This means you will need to add a check before calling `initializeApp`, and that check is to make sure that it hasn’t already been initialized. You can do that by changing your `main` function as follows:

``````void main() {
if (fb.apps.isEmpty) {
fb.initializeApp(
apiKey: 'AIzaSyD8JoU_58xKlQFvva7nS7VHTKc1vUkaosk',
authDomain: 'fun-with.firebaseapp.com',
databaseURL: 'https://fun-with.firebaseio.com',
projectId: 'fun-with',
storageBucket: 'fun-with.appspot.com',
messagingSenderId: '1006728819313',
);
}
}``````

Notice the conditional to see if `fb.apps.length` is not equal to 0. If yes, then we initialize Firebase.

## Firebase Authentication

Now that Firebase is initialized we can easily use the Firebase relevant functionality.

You can get an instance of Firebase Authentication by first importing `firebase.dart` and access the `Auth` object through the `auth()` method, and the `GoogleAuthProvider` object through the `GoogleAuthProvider()` method. See below:

``````import 'package:firebase/firebase.dart';
import 'package:meta/meta.dart';

@immutable
class UserRepository {
: _firebaseAuth = firebaseAuth ?? auth(),

final Auth _firebaseAuth;

try {
} catch (e) {
throw '\$e';
}
}

Future<UserCredential> signInWithCredentials(
String email, String password) async {
try {
} catch (e) {
// return e;
throw '\$e';
}
}

Future<UserCredential> signUp({String email, String password}) async {
try {
email,
);
} catch (e) {
print('Error siging in with credentials: \$e');
throw '\$e';
// throw Error('Error signing up with credentials: \$e');
// return e;
}
}

Future<dynamic> signOut() async {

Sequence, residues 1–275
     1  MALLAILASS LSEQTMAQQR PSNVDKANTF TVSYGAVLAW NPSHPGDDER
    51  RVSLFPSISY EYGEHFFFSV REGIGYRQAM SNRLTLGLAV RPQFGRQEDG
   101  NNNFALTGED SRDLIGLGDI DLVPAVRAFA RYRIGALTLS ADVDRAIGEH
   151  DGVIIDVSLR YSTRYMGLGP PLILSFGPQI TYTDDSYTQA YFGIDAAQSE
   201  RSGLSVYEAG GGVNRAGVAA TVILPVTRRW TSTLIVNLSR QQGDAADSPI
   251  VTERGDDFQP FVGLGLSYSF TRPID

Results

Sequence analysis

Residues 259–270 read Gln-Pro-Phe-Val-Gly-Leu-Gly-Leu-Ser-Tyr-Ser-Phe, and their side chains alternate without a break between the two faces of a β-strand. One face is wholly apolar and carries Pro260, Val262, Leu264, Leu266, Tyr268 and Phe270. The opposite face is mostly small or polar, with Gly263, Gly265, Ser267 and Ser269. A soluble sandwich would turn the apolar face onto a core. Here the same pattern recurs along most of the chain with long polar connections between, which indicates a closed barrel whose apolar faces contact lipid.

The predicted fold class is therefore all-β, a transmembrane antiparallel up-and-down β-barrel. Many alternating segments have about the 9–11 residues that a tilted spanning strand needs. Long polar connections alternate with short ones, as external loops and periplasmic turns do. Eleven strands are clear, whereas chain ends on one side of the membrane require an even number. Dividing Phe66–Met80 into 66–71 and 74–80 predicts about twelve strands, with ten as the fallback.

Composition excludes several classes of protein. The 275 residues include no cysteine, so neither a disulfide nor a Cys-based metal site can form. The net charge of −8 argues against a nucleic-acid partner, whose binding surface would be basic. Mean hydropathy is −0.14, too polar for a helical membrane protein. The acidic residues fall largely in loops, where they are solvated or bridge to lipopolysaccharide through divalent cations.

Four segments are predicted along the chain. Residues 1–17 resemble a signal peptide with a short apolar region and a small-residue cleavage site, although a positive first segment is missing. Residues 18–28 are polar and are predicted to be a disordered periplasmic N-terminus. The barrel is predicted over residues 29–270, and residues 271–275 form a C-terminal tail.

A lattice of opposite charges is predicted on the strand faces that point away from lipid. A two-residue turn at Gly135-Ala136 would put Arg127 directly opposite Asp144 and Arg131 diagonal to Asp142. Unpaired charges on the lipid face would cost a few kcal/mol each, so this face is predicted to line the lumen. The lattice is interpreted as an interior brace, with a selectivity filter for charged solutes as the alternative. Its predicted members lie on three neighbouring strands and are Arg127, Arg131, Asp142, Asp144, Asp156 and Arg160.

try {
return Future.wait([
_firebaseAuth.signOut(),
]);
} catch (e) {
print ('Error signin out: \$e');
// return e;
throw '\$e';
}
}

Future<bool> isSignedIn() async {
final currentUser = _firebaseAuth.currentUser;
return currentUser != null;
}

Future<String> getUser() async {
return (_firebaseAuth.currentUser).email;
}
}``````

``````Future<UserCredential> signInWithCredentials(
String email, String password) async {
try {
} catch (e) {
throw '\$e';
}
}``````

That’s it! You are set up and have an example method. For more examples, you can take a look at the Fun with Flutter web application’s source code:

https://github.com/funwithflutter/fun-with-flutter-website

There is also a link on the Firebase Pub page that point to additional examples.

https://github.com/FirebaseExtended/firebase-dart/tree/master/example

## Conclusion

I hope you found this useful. It is quite easy to do once you know how. If you have better solutions let me know in the comments!

If you want to explore a website made entirely in Flutter, as well as read more Flutter articles, go take a look at the Fun with Flutter website. It’s still under active development, and Flutter web is still new, so don’t judge too harshly. Ideally, visit it on Chrome on a computer for best performance.

## Flutter Web: Using HTML and JavaScript

The date of publication is important. If you’re reading this and it’s not September 2019 then there might be a better solution to the problem I’ll be describing below.